Limón, Martin 1948-
Limón, Martin 1948-
Freelance writer, c. 1992—. Military service: U.S. Army, career officer, served in South Korea for ten years.
"GEORGE SUEÑO AND ERNIE BASCOM" MYSTERY NOVEL SERIES
Jade Lady Burning, Soho (New York, NY), 1992.
Slicky Boys, Bantam (New York, NY), 1997.
Buddha's Money, Bantam (New York, NY), 1998.
The Door to Bitterness, Soho Press (New York, NY), 2005.
The Wandering Ghost: A Novel, Soho Crime (New York, NY), 2007.
Military veteran and author Martin Limón introduced his two sleuths, military police officers George Sueño and Ernie Bascom, to readers in his 1992 debut mystery novel, Jade Lady Burning, the first book in the "George Sueño and Ernie Bascom" mystery novel series. George and Ernie—who hail from Los Angeles, California, and Detroit, Michigan, respectively—are stationed in Seoul, South Korea, during the latter days of the Vietnam War. In Jade Lady Burning, they are ordered to investigate the death of Pak Ok-suk, a prostitute who was romantically involved with a soldier at the time of her murder. Another character involved in the plot is Kimiko, an older prostitute trying to earn a living in competition with much younger women in her profession. In addition to this case, George and Ernie uncover corruption on the part of some of their superiors who want the criminal investigation resolved quickly.
A Publishers Weekly critic gave Jade Lady Burning a mixed review but praised the compassion with which Limón portrayed Kimiko. The same reviewer found the sleuths' morality questionable but intriguing, and also saw great promise in Ernie's character, "whose innocent-looking puss conceals a classic crime fiction psychotic." Newgate Callendar, a contributor to the New York Times Book Review, applauded the relative novelty of military police as mystery protagonists and called Jade Lady Burning "a remarkable first novel." Callendar also praised Limón's "compact style," "accurate ear for dialogue," and "combination of tough-guy talk and sensitivity."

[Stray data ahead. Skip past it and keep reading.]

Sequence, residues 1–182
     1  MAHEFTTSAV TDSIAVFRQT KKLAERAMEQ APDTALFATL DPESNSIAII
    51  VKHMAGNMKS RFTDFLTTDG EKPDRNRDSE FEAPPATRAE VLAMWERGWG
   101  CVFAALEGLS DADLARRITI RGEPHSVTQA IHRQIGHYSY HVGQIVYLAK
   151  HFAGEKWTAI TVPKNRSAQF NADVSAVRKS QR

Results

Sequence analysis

Slicky Boys, published in 1997, is the second book in the "George Sueño and Ernie Bascom" mystery novel series. Still in Korea, the duo is faced with the murder of a British soldier serving in an honor guard for the United Nations. The soldier's death occurs right after George and Ernie deliver a message to him from a young South Korean woman. In the process of searching for answers, the pair must venture into dangerous sections of Seoul, where they encounter the city's underworld of criminals—the "slicky boys" of the novel's title. George and Ernie must also contend with the bureaucratic procedures placed in the way of their investigation by their own military government. Tom Nolan, in a review of Slicky Boys for the Wall Street Journal Western Edition, gave the book a positive review, asserting that it possesses both the "grim routine of a modern police procedural" and "the cliff-hanging action of a thrilling old movie serial." Several reviewers of Limón's work emphasized that the author, like his protagonists, served the U.S. Army in South Korea. Many have credited this experience for the realistic settings readers encounter in his books.